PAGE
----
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Deep Purple - Slaves And Masters CD (album) cover

SLAVES AND MASTERS

Deep Purple

 

Proto-Prog

2.73 | 220 ratings

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tarkus1980
Prog Reviewer
2 stars Well, it was only a matter of time; Ritchie kicked Ian out of the band again. In came one of Ritchie's buddies from late-period Rainbow, one Joe Lynn Turner, bringing the Mk. count up to 5. Now don't get me wrong, I don't think Joe is a bad vocalist; heck, I like him way more than I do Coverdale. Furthermore, from a pure skill standpoint, he's a big improvement over late 80's Gillan. Unfortunately, while it is kinda nice to be rid of Ian's shattered vocals, those vocals at least made me remember at all times that I was listening to Deep Purple, even if only a shadow of prime Deep Purple. With Joe at the mic, though, there's NOTHING here to make me think I'm listening to a band significant enough for me to want to review them.

You have to forgive me, oh faithful reader; I just don't know how to adequately review an album like this, mostly because I tend to avoid music like this like the plague. I know that some people like this sort of music - I've even read somebody's claim that "Love Conquers All," a generic power-ballad that makes me puke up food that doesn't yet exist, is one of the best ballads ever written. I guess the rest of the album isn't as bad as it could be - once I get past the Final Fantasy synths and "evil" ominous vocal sounds that open the album, "King of Dreams" isn't that bad, "The Cut Runs Deep" is ok (I kinda like the segue from the generic Renaissance-like opening to the generic metallic riffage), and ... uh ... well, I don't passionately hate any single track on here (except for the aforementioned power ballad). "Fire in the Basement" actually has a decent opening riff, albeit a rip of "Wring that Neck." But sheesh, even those little details don't really save these songs, and there's not much I can figure out to say otherwise in the plus column. The album, as a whole, isn't that heavy, it's not that memorable, it's ... just a smoother, less awkward, slightly less artificial- sounding version of Blue Light, except without a couple of cool riffs or great guitar solo passages.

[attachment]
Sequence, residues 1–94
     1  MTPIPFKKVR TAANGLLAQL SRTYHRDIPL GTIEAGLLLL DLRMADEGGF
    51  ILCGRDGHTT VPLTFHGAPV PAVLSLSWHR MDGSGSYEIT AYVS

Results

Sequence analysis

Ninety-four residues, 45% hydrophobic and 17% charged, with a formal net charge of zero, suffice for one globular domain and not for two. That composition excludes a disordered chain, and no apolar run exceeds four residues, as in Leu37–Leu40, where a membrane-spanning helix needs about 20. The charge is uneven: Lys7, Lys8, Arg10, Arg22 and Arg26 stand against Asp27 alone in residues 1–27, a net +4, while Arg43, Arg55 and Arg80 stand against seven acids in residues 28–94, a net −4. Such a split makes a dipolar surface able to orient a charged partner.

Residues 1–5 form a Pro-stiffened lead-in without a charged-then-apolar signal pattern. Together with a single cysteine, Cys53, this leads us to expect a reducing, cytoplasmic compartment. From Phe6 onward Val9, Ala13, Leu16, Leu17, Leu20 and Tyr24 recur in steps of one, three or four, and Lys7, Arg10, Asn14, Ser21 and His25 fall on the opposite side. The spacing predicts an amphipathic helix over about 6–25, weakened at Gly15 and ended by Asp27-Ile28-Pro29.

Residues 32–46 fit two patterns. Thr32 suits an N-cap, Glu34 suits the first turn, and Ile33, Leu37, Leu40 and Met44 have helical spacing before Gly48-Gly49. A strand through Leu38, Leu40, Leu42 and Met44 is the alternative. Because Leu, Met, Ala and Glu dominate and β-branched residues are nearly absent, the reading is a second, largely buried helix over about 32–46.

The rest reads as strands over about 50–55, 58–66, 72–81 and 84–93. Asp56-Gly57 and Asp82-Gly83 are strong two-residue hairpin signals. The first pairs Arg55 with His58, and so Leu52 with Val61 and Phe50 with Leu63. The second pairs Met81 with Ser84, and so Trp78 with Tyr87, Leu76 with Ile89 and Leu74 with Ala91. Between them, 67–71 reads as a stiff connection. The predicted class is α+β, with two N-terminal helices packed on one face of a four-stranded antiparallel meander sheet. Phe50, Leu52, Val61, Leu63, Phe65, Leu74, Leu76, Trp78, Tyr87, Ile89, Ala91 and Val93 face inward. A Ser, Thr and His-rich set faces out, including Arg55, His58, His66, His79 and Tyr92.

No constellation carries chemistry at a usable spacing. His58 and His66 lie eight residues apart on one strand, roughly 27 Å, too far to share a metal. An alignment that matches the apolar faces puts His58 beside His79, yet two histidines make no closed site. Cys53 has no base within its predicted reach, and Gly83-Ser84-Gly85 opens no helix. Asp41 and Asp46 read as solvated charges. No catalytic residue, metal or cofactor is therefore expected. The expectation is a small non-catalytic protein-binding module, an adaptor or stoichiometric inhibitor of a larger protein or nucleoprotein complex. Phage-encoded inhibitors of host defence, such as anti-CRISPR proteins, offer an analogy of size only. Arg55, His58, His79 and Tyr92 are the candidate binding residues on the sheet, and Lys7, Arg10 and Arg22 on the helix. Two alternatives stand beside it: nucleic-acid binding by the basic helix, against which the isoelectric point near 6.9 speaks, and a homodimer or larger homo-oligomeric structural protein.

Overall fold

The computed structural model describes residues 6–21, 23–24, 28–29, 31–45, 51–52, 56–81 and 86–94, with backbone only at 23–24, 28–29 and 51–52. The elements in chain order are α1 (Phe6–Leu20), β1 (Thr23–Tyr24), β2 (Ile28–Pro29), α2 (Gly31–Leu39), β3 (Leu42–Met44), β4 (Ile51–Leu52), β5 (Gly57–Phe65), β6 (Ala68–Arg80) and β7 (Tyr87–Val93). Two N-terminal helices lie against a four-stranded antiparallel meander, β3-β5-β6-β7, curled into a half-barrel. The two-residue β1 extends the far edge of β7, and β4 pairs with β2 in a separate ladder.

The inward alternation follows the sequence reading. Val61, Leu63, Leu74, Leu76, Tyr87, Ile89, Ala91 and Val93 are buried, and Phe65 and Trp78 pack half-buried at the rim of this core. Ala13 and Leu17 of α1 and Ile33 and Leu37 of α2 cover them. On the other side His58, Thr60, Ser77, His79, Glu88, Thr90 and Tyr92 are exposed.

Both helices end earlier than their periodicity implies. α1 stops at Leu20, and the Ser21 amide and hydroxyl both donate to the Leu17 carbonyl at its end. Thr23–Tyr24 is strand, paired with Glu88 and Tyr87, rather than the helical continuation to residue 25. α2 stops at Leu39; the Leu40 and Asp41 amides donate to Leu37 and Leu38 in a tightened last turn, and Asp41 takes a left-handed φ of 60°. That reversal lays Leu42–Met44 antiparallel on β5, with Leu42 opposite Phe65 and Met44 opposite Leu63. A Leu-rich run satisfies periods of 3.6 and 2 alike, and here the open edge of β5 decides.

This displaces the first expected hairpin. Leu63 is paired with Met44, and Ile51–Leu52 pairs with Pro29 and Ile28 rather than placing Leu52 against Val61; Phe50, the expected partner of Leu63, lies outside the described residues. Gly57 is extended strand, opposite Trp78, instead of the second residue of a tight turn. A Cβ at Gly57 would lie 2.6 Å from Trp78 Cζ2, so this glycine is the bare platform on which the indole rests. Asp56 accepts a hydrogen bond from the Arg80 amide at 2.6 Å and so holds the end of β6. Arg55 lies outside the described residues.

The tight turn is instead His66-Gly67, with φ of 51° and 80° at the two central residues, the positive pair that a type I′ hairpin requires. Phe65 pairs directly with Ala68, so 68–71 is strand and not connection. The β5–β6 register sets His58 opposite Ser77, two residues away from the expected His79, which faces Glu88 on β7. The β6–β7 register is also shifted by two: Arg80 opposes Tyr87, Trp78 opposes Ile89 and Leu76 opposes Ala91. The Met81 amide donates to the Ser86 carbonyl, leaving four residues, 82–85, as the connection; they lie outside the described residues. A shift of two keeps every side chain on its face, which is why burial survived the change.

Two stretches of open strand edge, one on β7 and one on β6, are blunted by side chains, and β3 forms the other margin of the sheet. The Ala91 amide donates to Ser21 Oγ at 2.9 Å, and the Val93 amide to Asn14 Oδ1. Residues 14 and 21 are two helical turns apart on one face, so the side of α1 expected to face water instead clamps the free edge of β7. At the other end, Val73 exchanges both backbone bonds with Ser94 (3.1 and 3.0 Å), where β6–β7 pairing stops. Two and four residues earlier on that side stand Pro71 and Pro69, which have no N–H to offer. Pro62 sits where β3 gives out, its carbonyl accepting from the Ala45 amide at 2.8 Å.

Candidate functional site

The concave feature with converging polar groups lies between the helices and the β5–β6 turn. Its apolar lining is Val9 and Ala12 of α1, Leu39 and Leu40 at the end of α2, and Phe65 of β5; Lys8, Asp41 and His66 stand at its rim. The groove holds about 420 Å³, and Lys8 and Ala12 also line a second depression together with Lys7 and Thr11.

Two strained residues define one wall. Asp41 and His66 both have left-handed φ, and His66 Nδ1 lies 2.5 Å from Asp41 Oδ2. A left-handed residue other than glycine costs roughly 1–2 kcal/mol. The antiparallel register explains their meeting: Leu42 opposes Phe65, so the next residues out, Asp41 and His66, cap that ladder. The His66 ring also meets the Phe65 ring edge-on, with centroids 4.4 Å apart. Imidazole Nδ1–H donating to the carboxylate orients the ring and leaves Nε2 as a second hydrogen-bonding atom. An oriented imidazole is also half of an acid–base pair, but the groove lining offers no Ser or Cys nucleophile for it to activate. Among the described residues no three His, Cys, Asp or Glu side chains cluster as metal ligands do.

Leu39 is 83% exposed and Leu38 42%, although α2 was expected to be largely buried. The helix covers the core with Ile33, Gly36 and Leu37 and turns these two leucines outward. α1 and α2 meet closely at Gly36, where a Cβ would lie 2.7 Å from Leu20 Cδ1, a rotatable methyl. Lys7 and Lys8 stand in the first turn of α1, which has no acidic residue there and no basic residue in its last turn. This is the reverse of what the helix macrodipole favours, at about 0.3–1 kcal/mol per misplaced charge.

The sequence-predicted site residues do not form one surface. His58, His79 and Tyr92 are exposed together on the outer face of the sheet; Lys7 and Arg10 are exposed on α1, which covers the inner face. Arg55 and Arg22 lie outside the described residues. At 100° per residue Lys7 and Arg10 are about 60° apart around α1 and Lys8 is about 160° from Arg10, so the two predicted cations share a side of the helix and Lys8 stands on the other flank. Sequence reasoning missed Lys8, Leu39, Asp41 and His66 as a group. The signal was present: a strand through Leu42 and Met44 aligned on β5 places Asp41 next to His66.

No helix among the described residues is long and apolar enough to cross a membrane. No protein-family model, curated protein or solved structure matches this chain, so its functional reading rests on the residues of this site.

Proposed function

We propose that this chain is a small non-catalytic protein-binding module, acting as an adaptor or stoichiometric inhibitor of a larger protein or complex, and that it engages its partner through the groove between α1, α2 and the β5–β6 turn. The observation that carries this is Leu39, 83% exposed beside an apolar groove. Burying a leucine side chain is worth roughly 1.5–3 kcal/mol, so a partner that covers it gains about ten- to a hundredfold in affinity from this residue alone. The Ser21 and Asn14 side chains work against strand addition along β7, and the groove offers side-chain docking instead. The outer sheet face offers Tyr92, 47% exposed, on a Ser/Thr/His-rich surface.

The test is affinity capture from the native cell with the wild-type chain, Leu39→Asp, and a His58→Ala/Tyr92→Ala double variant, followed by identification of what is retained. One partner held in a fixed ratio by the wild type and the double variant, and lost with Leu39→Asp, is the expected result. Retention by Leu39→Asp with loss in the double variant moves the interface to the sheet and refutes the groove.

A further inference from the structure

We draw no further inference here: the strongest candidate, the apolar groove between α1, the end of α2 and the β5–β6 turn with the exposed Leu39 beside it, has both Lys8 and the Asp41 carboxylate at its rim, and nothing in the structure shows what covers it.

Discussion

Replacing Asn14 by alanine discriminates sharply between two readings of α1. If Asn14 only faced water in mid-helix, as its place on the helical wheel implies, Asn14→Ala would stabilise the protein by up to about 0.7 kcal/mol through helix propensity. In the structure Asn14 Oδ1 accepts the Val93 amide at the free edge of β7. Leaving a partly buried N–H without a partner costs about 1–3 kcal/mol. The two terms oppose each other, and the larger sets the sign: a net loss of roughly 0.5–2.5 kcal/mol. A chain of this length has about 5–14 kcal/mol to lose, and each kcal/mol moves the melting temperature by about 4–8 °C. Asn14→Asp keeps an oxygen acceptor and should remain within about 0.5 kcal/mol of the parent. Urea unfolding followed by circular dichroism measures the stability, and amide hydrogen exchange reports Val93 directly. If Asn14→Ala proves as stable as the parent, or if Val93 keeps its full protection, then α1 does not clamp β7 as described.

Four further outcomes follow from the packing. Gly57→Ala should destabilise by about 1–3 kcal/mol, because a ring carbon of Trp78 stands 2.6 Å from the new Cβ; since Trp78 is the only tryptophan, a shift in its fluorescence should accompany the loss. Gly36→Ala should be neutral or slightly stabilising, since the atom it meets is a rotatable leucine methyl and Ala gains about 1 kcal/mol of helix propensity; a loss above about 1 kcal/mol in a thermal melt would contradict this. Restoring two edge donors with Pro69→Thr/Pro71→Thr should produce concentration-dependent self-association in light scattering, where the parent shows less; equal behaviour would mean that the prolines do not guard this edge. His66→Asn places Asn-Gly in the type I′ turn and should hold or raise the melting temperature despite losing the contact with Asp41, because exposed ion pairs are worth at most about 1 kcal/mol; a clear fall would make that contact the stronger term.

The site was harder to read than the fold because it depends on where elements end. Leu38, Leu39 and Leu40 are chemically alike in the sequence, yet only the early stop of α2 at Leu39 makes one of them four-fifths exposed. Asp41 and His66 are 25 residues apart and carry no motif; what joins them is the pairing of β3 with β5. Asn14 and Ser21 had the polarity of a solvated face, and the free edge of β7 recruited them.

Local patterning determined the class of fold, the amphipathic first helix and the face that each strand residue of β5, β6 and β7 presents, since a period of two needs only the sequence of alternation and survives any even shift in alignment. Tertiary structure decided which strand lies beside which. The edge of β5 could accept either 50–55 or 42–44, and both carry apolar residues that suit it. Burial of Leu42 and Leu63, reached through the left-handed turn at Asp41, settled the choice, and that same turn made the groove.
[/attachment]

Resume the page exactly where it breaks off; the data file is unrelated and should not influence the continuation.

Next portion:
I guess I just can't understand why Ritchie thought the world needed more generic hair metal with stupid "mystical" album covers, or why the rest of the band members decided to shed all bits of individuality they might have had left. And honestly, I just don't understand how this could have ever been what "cool" people listened to. If ever there was an album that could remind me why Nirvana was a good and necessary thing for the music world, this is it. This isn't the worst music experience of my life, but it's hardly a time I'll look back on and cherish.

tarkus1980 | 2/5 |

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